Now that LTD is burning through books, he doesn’t even get sick reading in the car, we are always striving to have interesting books on hand. Dustin Hansen’s new tome Microsaurs features as the title suggests little dinosaurs. Central characters Danny and Lin discover these tiny creatures during a go pro skateboard session. The story also features art by Hansen. The kids travel to a secret lab where they find a whole lot of little dinosaurs and more. As usual, I don’t want to spoil the ending but let me just write that it involves shrinking. and of course the story features a not so mad scientist because you can’t have tiny dinosaurs without a professor type. LTD has even taken to reading some of story out loud to BB but this type of activity is fraught with interruptions and distractions. Additionally, BB was more interested in the skateboarding than the fact that little dinosaurs were running around.
We are slowly trying to help BB learn to read. He goes back and forth between saying he would like to read and not caring. Topsy Turvy: Animals by Wes Magee with art by Tracey Tucker is providing BB with a fun first assignment. The book features rhymes that are silly and fun. The pack pictures are bright, busy and fit the text perfectly. Each page depicts a specific animal adventures. BB has been digging this gem: “A family of lions have baked beans for lunch. Hugh hippos and rhinos play soccer. Crash! Crunch!” I occasionally like books with out a traditional narrative or story so that I can skip pages or use the we will read the rest tomorrow night. It is especially nice as some of the rhymes become tongue twisty after a while. Hopefully, the book will encourage him to read but not encourage him to only speak in rhyme.
Since the boys don’t really go camping or lets face it, go outside all that much I think it is important for them to learn about things like compasses and other life skills. Author Paul Boston’s new series, Find Your Way includes titles like Under the Sea, In the Jungle and Underground. The books teach young readers about navigation with a goal toward improving math and map skills. The books feature coordinates (and an explanation of what coordinates are) and different objects to find. One cool feature is the selection of mood of transportation with BB picking Sea Turtle (even though he is punching a little above his weight and gets lost frequently) and LTD always picks the Submarine. After completing each mission the reader gains entrance into the castle. Now that the boys are budding cartographers we are ready to explore the ocean if anyone ever provides us with the ability to breathe underwater.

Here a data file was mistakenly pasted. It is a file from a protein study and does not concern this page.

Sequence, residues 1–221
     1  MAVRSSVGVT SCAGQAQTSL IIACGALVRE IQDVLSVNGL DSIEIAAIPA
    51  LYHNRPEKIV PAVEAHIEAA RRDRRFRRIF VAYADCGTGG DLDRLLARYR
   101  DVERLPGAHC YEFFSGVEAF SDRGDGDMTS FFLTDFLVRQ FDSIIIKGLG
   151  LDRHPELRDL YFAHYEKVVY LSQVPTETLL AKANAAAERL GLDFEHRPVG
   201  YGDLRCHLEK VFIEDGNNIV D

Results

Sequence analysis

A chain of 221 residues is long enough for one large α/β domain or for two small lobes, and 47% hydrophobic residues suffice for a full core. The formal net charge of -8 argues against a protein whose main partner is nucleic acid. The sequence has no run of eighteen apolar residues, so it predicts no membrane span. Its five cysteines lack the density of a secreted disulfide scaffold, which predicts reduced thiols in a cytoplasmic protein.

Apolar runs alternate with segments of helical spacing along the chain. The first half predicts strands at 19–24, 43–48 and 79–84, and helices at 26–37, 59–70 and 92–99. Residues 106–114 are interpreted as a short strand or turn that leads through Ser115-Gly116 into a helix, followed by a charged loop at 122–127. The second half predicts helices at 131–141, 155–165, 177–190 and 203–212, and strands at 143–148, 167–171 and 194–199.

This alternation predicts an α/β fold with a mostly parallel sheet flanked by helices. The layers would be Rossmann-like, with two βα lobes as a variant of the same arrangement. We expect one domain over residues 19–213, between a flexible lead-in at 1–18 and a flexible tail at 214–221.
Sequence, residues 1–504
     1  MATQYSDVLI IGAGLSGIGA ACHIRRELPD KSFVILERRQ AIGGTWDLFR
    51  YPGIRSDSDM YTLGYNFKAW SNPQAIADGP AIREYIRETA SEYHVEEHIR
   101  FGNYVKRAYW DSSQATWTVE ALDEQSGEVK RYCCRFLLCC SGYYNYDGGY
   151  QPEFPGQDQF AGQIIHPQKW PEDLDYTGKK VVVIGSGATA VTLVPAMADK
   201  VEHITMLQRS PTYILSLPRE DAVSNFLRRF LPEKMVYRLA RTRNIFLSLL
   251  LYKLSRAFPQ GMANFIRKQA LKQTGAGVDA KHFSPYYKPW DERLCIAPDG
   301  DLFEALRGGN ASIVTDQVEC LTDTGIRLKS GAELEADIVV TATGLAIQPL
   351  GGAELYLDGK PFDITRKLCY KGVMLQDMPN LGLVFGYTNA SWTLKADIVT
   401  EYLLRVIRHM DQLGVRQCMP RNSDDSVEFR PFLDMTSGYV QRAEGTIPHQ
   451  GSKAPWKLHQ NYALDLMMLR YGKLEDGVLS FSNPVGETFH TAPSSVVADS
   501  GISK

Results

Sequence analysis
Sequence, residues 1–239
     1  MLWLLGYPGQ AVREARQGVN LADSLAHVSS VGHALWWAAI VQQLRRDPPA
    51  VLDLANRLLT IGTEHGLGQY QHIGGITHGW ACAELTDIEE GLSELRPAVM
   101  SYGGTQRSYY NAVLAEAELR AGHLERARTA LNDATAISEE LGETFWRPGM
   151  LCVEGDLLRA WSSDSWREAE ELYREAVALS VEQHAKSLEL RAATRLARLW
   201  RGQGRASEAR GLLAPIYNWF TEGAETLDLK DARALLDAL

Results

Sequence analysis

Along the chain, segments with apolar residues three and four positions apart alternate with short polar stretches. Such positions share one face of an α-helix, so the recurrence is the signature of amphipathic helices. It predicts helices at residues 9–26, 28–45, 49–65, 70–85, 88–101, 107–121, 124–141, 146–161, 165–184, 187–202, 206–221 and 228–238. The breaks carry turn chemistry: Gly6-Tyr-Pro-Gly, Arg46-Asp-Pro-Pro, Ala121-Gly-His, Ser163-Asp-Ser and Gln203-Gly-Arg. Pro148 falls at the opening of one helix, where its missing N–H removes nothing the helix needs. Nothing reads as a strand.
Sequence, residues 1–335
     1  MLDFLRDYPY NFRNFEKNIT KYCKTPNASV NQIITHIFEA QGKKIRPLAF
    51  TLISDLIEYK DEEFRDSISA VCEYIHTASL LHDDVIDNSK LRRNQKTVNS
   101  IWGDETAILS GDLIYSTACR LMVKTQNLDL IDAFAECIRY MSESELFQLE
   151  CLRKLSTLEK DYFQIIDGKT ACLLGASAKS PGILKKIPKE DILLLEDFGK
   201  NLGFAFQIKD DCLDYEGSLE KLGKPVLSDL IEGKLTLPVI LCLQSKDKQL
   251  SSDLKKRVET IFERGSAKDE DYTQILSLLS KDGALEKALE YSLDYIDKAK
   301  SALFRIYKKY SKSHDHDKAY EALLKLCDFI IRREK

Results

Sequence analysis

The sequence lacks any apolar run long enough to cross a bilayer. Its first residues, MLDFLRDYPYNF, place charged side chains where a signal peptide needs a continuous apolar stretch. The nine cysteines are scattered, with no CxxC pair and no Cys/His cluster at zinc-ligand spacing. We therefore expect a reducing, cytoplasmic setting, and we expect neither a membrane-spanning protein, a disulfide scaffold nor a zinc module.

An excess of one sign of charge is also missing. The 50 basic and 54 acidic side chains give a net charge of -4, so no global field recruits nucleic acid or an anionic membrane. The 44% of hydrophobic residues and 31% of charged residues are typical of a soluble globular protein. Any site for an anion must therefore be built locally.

Where LTD goes BB follows and they are both always up for a good adventure. Author and artist Trevor Lai’s new book, Tomo Explores the World is set on a small island that is basically one big fishing village. The titular focus of the tale, Tomo has no great desire to follow the path set by everyone on the island and become a fisherman. After he finds his great-grandfather’s Adventure Journal fate chooses another path for him and his canine companion Captain. His friend Maya joins them as they explore the sea. The art is big and colorful but what I really like which sounds a little sterile is the typeface. The words are in white or black depending on the background and very easy to read. Why should that matter, you ask? Because at bedtime it is pretty dark in their room and I often can’t see the words in many a book (no I don’t need reading glasses). As usual, I won’t spoil the ending but I will say that BB has been digging the baby whale.
We don’t travel as much as we would like and we certainly don’t travel internationally. We frequently field questions about other countries even if the kids keep using state, country and continent interchangeably. In that regard we have been reading, The Barefoot Book of Children by Tessa Strickland and Kate DePalma with art by David Dean. The book focuses on how children around the world live and explores different cultures. In simple easy to understand language (without being patronizing) the book shows the differences in how people look, live and the make up of their families. The hand painted pictures are incredibly colorful and the splash pages really pop. LTD has been locked on the pages about how people communicate by learning the phrase, “Excuse me, do you know where the taxis are? In Grand Central Station. BB is fixated on how kids take baths around the globe. I guess a lot of kids take showers in New Zealand. The book does a nice job of showing the differences but instead of list form the authors have tied things together and show how we are all interconnected.